'International franchises a good boost for SA's economy'

The International Franchise Expo has kicked off in Sandton.

Picture: Starbucks.

JOHANNESBURG - While the South African economy is believed to be under pressure, negative or sluggish in some parts, the Franchise Association says the success of franchising has held its own year after year with a high success rate of around 90 percent.

It's only had a 10 percent failure rate compared to independent businesses.

The association will once again host its annual Expo at the Sandton Convention Centre this weekend and will highlight the continued level of optimism that remains in the industry.

Contributing nearly 12.5 percent to the country's GDP, Henk Botha, who is the Franchise Development Manager for Barclay's Africa, says one of the big reasons franchising has managed to stay afloat is because of a consistent level of dedication.

"In a lot of cases the franchisors look strategically while the franchises are operating operationally and because of that vision and that outlook they prepare their [business] models, they look at certain changes, they try and negotiate certain offerings to protect the franchisees margins and I think that involvement is one of the big reasons why franchisees are still surviving and making returns in current economic climates compared to non-franchises."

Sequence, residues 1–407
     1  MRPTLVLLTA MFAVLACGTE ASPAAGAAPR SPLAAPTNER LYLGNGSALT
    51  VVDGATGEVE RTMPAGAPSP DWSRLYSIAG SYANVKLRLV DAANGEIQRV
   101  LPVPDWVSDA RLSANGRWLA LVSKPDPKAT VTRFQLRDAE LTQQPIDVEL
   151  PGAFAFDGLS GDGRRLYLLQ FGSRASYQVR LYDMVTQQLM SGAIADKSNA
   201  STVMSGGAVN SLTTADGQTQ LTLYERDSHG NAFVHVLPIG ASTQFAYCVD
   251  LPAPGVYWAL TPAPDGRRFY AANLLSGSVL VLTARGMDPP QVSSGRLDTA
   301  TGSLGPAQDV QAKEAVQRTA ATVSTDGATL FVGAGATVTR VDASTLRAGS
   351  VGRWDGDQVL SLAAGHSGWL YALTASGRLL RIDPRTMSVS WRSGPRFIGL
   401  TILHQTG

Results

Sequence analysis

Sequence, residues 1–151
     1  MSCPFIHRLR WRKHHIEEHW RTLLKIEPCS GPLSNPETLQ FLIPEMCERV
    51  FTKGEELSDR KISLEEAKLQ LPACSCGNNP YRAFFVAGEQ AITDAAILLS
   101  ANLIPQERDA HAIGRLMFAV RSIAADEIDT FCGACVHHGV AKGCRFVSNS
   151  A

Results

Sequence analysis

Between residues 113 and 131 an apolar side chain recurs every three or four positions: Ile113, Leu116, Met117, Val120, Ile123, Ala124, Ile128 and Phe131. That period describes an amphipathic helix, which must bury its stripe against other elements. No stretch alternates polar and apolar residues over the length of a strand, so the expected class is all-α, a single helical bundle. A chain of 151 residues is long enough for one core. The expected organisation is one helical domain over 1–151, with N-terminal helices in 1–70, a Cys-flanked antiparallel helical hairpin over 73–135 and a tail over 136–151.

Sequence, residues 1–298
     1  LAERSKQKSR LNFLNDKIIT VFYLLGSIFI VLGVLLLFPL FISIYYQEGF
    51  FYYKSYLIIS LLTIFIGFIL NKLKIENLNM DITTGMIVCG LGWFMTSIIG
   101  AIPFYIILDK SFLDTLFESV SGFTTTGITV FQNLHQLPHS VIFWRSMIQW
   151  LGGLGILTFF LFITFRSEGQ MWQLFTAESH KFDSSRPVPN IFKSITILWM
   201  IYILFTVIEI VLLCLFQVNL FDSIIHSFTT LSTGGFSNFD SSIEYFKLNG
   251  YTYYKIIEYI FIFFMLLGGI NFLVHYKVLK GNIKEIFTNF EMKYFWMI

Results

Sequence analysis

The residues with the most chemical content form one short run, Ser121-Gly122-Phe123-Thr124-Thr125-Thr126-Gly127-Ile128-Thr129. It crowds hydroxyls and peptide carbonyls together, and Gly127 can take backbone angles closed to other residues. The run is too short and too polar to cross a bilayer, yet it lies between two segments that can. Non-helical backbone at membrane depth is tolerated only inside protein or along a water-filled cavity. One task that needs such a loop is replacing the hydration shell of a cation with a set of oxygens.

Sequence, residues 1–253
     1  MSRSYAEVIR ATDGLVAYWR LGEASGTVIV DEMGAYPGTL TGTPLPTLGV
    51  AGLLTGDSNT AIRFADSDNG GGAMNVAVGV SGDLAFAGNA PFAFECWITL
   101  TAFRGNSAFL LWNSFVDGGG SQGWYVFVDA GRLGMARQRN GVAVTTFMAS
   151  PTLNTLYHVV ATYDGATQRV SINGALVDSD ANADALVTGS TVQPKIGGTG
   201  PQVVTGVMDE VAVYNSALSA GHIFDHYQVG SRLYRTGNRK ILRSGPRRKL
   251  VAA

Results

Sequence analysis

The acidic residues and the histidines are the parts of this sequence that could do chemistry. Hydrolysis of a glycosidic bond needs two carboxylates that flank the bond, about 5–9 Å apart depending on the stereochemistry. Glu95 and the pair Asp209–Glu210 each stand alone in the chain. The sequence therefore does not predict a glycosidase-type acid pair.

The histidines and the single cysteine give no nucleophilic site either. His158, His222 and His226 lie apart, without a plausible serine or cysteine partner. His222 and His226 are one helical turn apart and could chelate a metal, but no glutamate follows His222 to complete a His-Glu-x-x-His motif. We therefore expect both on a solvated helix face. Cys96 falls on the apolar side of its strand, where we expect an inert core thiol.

A number of international franchises are currently being introduced to South Africans, with Starbucks making its debut in Johannesburg this month.

Others include Krispy Kreme, Domino's Pizza and Dunkin' Donuts, which will open more than 250 stores in the country.

The home-grown franchise Chesa Nyama will make an appearance at the expo.

Speaking of the overwhelming number of international food brands entering the country, Botha says the competition is good.

"When competition moves in, people are awakened, certain [business] models need to be reviewed and instead of doing things the way they used to be done now all of a sudden models are reviewed to counter the challenges of international brands that come in."

He says these brands have been particular supportive to the local economy.

"The success rate of it has in a lot of cases still to be proven, a lot of brands are still new. The market is different than markets that they [currently] trade in so they also need to adapt, but there definitely are benefits to it if someone can bring capital into the country and create jobs."

Botha has encouraged the public to attend the expo and find out more about how you can have a stake in the industry, with a few training courses being provided at the event.

"If you're interested in going into franchising, it gives you an opportunity and a proper understanding of what a franchise is. It's a lower risk business but it's not for everybody. The expo is also here to present different brand and options."